September 11, 2001 : Attack on America
CDC Update: CDC Summary of Confirmed Cases of Anthrax and Background Information 3:00 PM, ET; October 23, 2001

CDC Update: CDC summary of confirmed cases of anthrax and background information

October 23, 2001/3:00 PM, ET

CDC-confirmed cases of anthrax

Based on a rigorous case definition, CDC is reporting 11 confirmed cases of anthrax: 2 in Florida, 3 in New York, 2 in New Jersey, and 4 in Washington, D.C. (in collaboration with MD and VA). These cases include the two deaths recently reported in Washington, D.C. Both cases were proven, through laboratory testing, to be cases of inhalation anthrax. One additional case has been reported by the New York City Department of Health. CDC is conducting additional tests to fully confirm this 12th case.

CDC defines a confirmed case of anthrax as 1) a clinically compatible case of cutaneous, inhalational, or gastrointestinal illness that is laboratory confirmed by isolation of B. anthracis from an affected tissue or site or 2) other laboratory evidence of B. anthracis infection based on at least two supportive laboratory tests.


Anthrax is NOT contagious from one person to another. Family members and contacts of persons who work in or visited sites where exposure occurred are not at risk and antibiotic therapy is not recommended for them. Other members of the community are not at risk. Public health officials, together with the FBI, are continuing the investigation.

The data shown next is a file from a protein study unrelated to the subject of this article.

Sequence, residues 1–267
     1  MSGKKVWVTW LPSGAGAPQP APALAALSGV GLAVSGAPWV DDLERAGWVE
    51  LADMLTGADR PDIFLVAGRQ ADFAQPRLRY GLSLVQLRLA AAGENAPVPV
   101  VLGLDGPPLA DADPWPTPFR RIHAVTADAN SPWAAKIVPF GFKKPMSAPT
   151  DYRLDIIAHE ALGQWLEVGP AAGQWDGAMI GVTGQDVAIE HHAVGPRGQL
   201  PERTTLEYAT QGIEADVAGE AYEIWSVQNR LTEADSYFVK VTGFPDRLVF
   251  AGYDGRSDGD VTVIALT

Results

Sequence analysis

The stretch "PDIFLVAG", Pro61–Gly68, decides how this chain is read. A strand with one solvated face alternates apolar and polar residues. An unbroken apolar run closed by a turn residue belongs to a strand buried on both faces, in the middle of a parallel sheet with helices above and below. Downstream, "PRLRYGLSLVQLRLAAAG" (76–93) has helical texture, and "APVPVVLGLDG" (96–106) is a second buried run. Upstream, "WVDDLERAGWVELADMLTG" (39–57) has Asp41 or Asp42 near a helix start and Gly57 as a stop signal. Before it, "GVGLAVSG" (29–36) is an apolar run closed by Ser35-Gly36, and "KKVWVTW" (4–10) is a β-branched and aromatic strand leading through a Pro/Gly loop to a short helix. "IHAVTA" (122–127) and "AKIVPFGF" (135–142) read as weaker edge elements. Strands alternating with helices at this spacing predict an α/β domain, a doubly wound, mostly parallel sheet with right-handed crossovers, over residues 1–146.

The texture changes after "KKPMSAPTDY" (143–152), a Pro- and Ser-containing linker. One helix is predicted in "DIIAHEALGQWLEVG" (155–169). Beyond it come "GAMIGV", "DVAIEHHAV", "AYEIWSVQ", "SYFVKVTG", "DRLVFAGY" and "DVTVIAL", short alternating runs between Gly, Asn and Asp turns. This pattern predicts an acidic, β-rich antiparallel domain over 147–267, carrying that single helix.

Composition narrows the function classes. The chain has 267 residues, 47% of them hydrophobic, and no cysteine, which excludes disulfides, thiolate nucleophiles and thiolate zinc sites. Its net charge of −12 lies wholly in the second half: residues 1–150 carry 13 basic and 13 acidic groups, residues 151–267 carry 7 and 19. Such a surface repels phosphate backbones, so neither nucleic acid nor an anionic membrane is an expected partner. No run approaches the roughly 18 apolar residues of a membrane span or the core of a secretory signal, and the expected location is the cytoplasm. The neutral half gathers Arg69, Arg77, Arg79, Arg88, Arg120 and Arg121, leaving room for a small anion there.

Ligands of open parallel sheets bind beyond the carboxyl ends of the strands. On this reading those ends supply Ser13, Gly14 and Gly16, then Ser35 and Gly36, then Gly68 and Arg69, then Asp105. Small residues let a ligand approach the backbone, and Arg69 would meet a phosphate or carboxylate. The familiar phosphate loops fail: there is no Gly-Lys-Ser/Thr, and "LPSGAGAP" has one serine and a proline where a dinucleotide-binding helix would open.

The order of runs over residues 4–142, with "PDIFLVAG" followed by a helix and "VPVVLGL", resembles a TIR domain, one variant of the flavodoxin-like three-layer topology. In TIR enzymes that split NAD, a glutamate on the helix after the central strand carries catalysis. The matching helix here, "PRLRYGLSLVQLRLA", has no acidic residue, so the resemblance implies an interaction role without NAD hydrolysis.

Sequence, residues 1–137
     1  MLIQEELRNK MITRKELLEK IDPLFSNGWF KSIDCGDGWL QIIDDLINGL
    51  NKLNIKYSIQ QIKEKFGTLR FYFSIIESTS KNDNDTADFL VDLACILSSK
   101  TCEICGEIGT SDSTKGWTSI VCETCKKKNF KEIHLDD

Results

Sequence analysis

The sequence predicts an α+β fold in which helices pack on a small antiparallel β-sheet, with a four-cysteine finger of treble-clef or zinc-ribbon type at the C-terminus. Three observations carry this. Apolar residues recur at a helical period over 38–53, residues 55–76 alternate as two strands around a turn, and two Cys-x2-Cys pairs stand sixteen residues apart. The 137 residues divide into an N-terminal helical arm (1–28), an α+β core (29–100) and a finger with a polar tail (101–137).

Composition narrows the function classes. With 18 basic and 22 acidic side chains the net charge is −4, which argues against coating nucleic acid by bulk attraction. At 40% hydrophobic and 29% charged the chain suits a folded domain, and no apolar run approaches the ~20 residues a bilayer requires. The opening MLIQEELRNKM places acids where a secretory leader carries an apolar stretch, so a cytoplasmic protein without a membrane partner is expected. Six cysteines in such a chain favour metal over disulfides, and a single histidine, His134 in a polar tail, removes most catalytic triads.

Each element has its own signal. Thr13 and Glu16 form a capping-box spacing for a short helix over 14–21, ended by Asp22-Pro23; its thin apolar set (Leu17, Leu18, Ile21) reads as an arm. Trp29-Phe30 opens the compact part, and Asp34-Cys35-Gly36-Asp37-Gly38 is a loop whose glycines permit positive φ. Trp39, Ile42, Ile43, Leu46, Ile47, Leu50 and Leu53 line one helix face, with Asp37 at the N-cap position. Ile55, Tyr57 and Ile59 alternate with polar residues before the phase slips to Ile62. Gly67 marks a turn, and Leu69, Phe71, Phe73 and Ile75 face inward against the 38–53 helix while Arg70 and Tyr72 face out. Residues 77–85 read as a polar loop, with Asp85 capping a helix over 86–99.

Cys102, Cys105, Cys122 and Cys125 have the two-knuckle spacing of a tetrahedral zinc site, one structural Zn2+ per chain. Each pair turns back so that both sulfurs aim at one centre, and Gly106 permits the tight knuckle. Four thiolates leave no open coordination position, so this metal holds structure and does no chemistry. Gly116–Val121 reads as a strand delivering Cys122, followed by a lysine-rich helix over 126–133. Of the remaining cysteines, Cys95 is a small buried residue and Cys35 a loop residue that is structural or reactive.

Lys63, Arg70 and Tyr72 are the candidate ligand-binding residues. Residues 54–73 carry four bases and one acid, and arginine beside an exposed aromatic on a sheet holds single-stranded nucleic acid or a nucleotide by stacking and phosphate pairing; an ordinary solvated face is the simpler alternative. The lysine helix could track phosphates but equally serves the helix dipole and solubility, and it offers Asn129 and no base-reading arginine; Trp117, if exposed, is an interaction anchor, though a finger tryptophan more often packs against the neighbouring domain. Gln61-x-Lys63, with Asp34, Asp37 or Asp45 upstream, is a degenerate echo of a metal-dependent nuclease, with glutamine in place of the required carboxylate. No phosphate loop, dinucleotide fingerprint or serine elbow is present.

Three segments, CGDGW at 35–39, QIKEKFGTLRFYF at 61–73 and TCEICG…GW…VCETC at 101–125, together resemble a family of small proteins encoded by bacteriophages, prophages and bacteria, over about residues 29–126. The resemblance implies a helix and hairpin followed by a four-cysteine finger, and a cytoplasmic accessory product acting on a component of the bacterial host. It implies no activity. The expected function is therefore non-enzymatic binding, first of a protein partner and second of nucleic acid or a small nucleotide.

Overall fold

Inhalation anthrax is the most serious and rare form of human anthrax. It occurs when a person breathes a large number of anthrax spores that are in the air. Initial symptoms may resemble the common cold (including fever, muscle aches, and fatigue). After several days, symptoms may progress to severe breathing problems and shock. If left untreated, inhalation anthrax can be fatal.

Cutaneous (skin) anthrax is different from inhalation anthrax. A cutaneous infection due to anthrax can occur if the spores are in contact with an area of skin that is not intact, such as a cut or sore. Cutaneous anthrax is marked by a boil-like lesion that eventually forms an ulcer with a black center. The cutaneous forms respond well to antibiotics if treatment is started soon after symptoms appear.

For people with suspected anthrax disease, laboratory testing is essential to diagnosis. Tests may include:

Cultures of blood and spinal fluid (should be done before antibiotic treatment has been initiated)

Cultures of tissue of fluids from affected areas.

Microscopic examination of tissue.

PCR (polymerase chain reaction) test that amplifies trace amounts of DNA to document that the anthrax bacteria is present.

Antibiotics are an effective treatment if the disease is diagnosed early on; but anthrax can be fatal if left untreated.

The Centers for Disease Control and Prevention continues to work with state and local health departments, law enforcement officials, and other federal agencies to investigate incidents of possible anthrax exposures around the United States. In Atlanta, CDC officials continue to work out of a 24-hour Operations Center. The Operations Center staff is also responding to hundreds of calls each day from the public. CDC has dispatched more than three dozen employees to Florida, New York City, or Washington, D.C. More than 50 CDC laboratories have processed hundreds of specimens.

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